As travelers, there’s nothing more exciting than the moment of departure. Nothing compares to that moment when the wheels
of our plane leave the earth, when we feel the gust of wind that fills the sails of our ship, or when our train rounds the first bend toward our destination. And yet, as much as travel enriches our perspectives, deepens our appreciations of other lands, and broadens our understanding of people from other cultures, there comes a time when the journey ends. We return home, unpack our suitcases, and return – for a time, anyway – to our non-traveling lives.
But what if you’ve been a traveler for not just a month, or for a season, but two decades? How does a traveler – a true nomad – learn, simply, to stay put?
That’s the challenge that Vivian Swift faced. After racking up 23 temporary addresses in 20 years, Swift packed her traveling rucksack away and moved to a small town on the edge of Long Island Sound. When Wanderers Cease to Roam is the result of her attempt to not just slow down, but (perhaps, just for a moment) to stand still.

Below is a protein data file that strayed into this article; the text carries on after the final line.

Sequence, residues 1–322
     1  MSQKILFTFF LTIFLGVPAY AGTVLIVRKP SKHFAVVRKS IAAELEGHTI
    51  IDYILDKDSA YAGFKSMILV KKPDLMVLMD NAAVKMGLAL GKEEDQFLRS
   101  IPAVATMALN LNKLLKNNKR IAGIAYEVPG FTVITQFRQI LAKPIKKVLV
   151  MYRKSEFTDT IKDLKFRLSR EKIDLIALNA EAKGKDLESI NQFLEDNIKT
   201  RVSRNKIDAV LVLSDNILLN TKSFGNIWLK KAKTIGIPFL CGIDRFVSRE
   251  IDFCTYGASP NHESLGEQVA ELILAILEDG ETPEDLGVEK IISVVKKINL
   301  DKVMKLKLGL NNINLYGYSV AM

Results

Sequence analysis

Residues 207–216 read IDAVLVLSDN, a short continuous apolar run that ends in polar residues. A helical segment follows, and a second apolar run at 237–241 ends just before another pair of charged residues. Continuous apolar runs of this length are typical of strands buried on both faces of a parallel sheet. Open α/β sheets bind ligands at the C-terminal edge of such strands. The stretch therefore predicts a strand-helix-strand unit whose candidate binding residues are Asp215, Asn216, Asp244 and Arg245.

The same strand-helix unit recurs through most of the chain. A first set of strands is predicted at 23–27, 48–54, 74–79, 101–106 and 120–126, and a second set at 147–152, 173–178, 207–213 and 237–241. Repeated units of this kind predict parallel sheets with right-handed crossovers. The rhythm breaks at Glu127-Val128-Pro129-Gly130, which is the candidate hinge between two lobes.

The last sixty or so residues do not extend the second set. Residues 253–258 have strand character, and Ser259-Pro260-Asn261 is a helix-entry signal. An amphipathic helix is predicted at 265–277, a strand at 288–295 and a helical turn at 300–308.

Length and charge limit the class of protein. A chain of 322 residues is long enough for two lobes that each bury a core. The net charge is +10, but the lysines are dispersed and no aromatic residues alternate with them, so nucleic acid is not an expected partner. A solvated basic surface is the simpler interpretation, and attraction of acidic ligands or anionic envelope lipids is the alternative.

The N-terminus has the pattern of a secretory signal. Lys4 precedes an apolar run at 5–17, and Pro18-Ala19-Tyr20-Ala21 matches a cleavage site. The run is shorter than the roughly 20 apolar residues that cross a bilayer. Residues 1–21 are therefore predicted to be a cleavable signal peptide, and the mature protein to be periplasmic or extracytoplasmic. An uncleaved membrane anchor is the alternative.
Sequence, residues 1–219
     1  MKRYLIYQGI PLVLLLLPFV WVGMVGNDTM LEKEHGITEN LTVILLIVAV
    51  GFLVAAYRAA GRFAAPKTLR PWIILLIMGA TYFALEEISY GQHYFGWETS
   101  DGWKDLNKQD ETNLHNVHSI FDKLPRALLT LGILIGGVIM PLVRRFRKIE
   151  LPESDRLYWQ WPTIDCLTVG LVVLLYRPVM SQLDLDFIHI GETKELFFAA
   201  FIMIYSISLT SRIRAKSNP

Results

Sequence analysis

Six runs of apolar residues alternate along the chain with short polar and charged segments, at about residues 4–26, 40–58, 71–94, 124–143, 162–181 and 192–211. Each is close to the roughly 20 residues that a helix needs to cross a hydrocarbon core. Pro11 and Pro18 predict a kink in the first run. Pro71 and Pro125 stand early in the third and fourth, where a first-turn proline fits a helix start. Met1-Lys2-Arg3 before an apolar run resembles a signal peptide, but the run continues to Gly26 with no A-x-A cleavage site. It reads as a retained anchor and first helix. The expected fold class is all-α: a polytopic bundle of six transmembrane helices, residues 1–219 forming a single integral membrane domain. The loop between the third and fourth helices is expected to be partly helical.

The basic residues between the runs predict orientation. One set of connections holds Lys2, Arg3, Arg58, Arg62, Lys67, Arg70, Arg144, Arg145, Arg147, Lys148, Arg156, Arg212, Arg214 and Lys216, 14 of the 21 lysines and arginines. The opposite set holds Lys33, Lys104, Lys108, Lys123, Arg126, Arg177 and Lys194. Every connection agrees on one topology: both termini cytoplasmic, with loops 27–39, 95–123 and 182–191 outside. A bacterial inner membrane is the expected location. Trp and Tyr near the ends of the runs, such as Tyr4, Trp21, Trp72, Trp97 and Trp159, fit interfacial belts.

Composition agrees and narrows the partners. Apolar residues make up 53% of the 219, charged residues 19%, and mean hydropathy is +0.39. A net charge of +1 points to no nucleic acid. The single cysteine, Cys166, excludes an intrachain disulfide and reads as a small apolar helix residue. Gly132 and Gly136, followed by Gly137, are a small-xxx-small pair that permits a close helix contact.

Part year-long journal and part memoir of her globe-trotting history, Wanderers is saturated with moments that will speak to many nomads, such as Swift’s curiosity at amassing everyday items such as ice cube trays and dish towels, or her gradual understanding of the fortitude necessary to get through the chill and isolation of a Northeastern February. Illustrated with Swift’s own watercolors on every page, the author slowly begins to explore her new habitat as she would any exotic location – by getting to know the locals, exploring secret gardens, and slowly opening herself up to the everyday charms of her town. Beautifully written and illustrated, When Wanderers Cease to Roam shows us that putting down roots does not equal complacency, and being still does not equal being immobile.
As Swift writes, “Some days, ‘staying put’ might feel the same as going nowhere. Make a cup of tea, and wait for that feeling to pass.”